...I frequently link to Colin's posts at Riding the High Country, as he writes well about movies I find especially interesting, and the ensuing discussions are always informative as well. His latest is on Anthony Mann's THE BLACK BOOK (1949), also known as REIGN OF TERROR, which I was privileged to see with Norman Lloyd in attendance at the 2012 Noir City Film Festival. I'm a bit surprised it's not part of the current Anthony Mann Festival at UCLA.

...So cute: Twitter and a kind woman reunite a little girl with her teddy bear, lost on a train headed for Kings Cross station in London.

...Attention Southern Californians: UCLA is hosting a free 35mm screening of one of my favorite movies, THE ADVENTURES OF ROBIN HOOD (1938), on Sunday, February 23rd. It's part of the monthly "Family Flicks" series.

...Notable Passings: Legendary animator Arthur Rankin Jr. has died at the age of 89. Rankin was the man behind holiday classics such as RUDOLPH, THE RED-NOSED REINDEER (1964) and SANTA CLAUS IS COMIN' TO TOWN (1970). Something I just learned this week is that Rankin's grandfather was the wonderful character actor Harry Davenport, who was Dr. Meade in GONE WITH THE WIND (1939) and Grandpa in MEET ME IN ST. LOUIS (1944)...Oscar winner Maximilian Schell has passed on at 83. The JUDGMENT AT NUREMBERG actor came from an acting family which included his sister, actress Maria Schell...Composer John Cacavas (AIRPORT 1975) has passed away at 83...I was sorry to learn today of the unexpected death of Philip Seymour Hoffman, an actor I've seen in a few films including MONEYBALL (2011), where he had a great part as manager Art Howe, and George Clooney's THE IDES OF MARCH (2011).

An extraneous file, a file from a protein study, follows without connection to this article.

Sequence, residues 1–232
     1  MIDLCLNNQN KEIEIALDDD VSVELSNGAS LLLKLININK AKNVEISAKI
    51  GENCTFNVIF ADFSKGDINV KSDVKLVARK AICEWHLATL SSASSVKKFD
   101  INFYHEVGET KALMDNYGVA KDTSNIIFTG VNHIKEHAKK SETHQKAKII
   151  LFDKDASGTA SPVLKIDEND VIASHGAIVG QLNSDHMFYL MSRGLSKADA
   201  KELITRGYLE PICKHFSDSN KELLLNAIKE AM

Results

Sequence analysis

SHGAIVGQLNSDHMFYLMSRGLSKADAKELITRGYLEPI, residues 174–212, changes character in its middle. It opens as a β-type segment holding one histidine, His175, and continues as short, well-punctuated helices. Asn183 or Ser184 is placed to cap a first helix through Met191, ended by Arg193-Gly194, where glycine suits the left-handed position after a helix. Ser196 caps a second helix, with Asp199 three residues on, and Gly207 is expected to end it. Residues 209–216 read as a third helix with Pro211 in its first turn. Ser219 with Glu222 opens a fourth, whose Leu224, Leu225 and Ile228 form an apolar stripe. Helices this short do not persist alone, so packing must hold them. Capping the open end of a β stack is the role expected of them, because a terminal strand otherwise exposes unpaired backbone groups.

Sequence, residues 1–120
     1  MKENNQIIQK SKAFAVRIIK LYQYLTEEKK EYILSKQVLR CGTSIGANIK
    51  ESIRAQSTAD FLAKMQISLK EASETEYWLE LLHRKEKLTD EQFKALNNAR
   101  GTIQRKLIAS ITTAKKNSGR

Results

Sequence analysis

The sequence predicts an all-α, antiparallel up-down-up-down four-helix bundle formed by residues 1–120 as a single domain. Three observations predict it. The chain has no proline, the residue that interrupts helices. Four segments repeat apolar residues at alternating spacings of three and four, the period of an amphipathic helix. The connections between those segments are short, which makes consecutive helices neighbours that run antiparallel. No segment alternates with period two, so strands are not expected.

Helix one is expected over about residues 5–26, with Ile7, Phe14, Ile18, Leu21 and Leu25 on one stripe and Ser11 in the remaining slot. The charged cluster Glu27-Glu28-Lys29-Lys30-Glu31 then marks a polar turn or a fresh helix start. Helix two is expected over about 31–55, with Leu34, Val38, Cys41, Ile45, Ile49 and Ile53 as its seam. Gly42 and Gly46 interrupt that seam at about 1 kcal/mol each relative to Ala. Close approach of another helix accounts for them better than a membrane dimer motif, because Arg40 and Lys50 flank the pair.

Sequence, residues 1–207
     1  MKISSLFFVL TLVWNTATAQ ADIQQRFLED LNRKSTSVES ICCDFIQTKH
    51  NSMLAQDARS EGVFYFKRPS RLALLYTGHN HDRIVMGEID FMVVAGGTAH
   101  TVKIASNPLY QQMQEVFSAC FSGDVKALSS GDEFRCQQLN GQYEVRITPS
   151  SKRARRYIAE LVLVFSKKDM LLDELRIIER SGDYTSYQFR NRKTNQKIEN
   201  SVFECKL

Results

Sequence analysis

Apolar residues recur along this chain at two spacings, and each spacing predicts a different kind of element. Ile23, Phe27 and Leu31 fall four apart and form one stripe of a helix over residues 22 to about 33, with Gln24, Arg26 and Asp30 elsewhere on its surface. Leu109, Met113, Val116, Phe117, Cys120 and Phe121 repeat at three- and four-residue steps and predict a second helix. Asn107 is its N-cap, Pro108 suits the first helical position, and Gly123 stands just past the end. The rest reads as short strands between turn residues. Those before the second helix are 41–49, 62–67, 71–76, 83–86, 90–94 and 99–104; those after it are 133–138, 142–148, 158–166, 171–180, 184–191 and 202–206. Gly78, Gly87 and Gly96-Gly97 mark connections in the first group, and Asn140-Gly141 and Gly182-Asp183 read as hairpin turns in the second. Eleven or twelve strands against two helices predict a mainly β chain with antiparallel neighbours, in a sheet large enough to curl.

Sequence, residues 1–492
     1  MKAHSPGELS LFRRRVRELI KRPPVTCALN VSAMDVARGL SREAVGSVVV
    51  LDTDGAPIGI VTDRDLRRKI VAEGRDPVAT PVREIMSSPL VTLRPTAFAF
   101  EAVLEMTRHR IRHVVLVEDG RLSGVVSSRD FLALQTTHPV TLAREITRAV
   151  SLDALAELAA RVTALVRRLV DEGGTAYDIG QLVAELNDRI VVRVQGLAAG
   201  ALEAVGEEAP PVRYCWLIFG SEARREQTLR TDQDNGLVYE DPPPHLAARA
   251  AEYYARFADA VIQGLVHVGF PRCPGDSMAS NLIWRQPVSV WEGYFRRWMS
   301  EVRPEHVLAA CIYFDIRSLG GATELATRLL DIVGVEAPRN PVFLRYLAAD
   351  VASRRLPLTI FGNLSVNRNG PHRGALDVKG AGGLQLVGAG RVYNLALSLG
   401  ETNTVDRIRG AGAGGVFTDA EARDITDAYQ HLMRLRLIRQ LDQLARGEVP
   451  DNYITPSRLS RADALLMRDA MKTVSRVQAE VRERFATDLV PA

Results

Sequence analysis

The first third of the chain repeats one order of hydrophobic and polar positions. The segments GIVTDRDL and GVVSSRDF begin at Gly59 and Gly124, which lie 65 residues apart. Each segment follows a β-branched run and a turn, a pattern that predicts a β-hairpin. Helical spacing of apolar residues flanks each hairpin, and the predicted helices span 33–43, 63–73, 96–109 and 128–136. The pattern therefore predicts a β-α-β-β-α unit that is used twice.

Have a great week!

11 Comments:

Blogger KC said...

So you did get a copy. Great! I'm looking forward to getting your perspective. Are you going to the UCLA screenings as well? That sounds so amazing. Wish I could make it. Thanks for the link.

9:08 PM  
Blogger Laura said...

Yes, I wrote and said I'd like to review it in conjunction with attending the Mann series and they said "Great!" In fact, the author will be at one of the screenings in March so it's a great tie-in.

I went to my first night at the UCLA series last night and hope to attend several more over the course of the next couple months. :)

I always enjoy your book reviews!

Best wishes,
Laura

9:10 PM  
Blogger barrylane said...